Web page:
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REDUCING THE INCIDENCE OF CLABSI IN LATIN AMERICAN ICUS: A MULTI-COUNTRY QUALITY IMPROVEMENT COLLABORATIVE. PRELIMINARY RESULTS FROM THE SECOND PHASE
  1. Jafet Arrieta1,
  2. Pedro Delgado2,
  3. Carola Orrego3,
  4. Carolina Giuffre4,
  5. Viviana Rodríguez5,
  6. Ezequiel García Elorrio5
  1. 1Harvard University, United States
  2. 2Institute for Healthcare Improvement, United States
  3. 3Avedis Donabedian Foundation, Barcelona, Spain
  4. 4British Hospital of Buenos Aires, Argentina
  5. 5Institute for Clinical Effectiveness and Health Policy, Buenos Aires, Argentina

Abstract

Background Central line-associated bloodstream infections (CLABSI) are the leading cause of healthcare-associated bloodstream infections, prolonging hospitalizations, and increasing morbidity, healthcare costs and mortality. The CLABSI rate has been estimated at 7.6 episodes per 1,000 central line days in Latin America. In developing countries, CLABSI are usually the result of a failure to follow evidence-based, standardized health practices.

Objectives The second phase of the ‘Goodbye Bacteremia' campaign aimed at reducing the CLABSI rate in Latin American Intensive Care Units (ICUs) by 50% or to less than 2 episodes per 1,000 central line days from self-reported baseline within 12 months of the implementation of the campaign.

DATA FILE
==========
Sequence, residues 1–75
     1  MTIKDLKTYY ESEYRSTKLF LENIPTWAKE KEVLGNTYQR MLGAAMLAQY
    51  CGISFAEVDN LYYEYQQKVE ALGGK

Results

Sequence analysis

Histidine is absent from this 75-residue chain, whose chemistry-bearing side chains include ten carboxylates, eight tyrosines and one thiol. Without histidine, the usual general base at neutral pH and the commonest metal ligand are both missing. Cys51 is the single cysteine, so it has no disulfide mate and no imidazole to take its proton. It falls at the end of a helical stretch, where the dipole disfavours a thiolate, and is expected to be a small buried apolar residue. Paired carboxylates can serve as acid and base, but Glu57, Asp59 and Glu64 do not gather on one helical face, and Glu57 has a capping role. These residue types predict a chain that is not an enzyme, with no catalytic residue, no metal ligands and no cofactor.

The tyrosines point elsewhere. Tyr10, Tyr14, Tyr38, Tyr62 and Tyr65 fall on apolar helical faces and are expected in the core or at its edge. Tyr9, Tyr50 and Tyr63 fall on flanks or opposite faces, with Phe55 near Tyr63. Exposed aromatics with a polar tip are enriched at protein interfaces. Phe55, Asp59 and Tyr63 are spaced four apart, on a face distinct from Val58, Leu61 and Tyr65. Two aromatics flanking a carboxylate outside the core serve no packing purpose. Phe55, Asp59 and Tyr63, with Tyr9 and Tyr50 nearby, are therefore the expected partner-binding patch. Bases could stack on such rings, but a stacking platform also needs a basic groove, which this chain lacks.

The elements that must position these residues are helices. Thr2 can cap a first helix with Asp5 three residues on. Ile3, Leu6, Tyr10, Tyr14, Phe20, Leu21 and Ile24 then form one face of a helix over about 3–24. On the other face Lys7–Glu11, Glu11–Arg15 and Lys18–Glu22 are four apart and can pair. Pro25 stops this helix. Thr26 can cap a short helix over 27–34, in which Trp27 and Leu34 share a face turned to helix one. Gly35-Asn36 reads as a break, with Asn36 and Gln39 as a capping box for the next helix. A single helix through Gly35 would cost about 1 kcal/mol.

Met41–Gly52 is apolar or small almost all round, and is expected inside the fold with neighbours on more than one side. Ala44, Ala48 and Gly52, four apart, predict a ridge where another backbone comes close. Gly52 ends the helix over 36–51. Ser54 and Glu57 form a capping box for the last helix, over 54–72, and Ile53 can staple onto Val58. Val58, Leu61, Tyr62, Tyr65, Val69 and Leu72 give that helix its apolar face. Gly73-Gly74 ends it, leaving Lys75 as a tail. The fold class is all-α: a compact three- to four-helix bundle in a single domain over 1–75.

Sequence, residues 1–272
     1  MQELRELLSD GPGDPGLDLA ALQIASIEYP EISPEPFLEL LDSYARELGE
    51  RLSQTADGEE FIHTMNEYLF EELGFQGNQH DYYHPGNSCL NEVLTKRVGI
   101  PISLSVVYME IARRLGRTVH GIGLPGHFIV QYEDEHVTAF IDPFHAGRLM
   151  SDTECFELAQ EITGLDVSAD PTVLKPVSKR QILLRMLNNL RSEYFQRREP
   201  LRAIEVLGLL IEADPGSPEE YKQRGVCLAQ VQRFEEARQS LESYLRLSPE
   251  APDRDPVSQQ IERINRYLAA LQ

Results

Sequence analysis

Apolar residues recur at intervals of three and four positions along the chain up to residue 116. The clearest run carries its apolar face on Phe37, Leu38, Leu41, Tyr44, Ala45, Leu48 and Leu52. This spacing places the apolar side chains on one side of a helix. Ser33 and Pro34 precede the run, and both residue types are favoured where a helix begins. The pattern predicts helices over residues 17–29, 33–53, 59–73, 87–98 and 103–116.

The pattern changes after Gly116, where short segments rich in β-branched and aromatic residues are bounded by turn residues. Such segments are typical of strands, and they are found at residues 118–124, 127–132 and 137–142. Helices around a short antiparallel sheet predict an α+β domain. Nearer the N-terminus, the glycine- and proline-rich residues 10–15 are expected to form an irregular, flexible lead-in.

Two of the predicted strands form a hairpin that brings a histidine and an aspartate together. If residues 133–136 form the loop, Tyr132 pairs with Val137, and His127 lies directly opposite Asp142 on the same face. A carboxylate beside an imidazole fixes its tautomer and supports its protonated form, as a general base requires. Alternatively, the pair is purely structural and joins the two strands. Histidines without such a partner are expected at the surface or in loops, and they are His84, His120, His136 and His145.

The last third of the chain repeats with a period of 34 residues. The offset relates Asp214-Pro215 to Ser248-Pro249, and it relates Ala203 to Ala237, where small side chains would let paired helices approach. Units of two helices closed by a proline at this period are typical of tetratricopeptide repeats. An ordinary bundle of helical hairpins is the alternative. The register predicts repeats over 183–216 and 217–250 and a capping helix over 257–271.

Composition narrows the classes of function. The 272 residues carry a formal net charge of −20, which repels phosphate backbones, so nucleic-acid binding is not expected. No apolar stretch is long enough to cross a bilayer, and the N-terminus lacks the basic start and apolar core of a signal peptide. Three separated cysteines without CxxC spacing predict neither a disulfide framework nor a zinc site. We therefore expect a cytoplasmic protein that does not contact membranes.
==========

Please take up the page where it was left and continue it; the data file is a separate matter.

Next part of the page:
Methods Design: Uncontrolled before-and-after CLABSI rates comparison.

Setting: 100 ICUs from six Latin American countries.

Intervention: We used a quality-improvement collaborative to promote the adoption of bundles of care for the insertion and maintenance of central lines, coupled with education through virtual bi-weekly learning sessions, and continuous feedback, from June 2014 to June 2015.

Main outcome measure: CLABSI rate.

Results The preliminary reduction on the CLABSI rate was 24.34% from a baseline mean of 2.67 to 2.02 at the end of the campaign. The median CLABSI rate was zero throughout the campaign. The mean percentage compliance increased by 49.49% from a baseline of 65.55% to 97.99% at the end of the campaign for the insertion bundle, and by 14.86% from 82.56% to 94.83% for the maintenance bundle.

Conclusions Evidence-based interventions and multi-country collaborative work contributed to a significant reduction in the incidence of CLABSI in Latin American ICUs.

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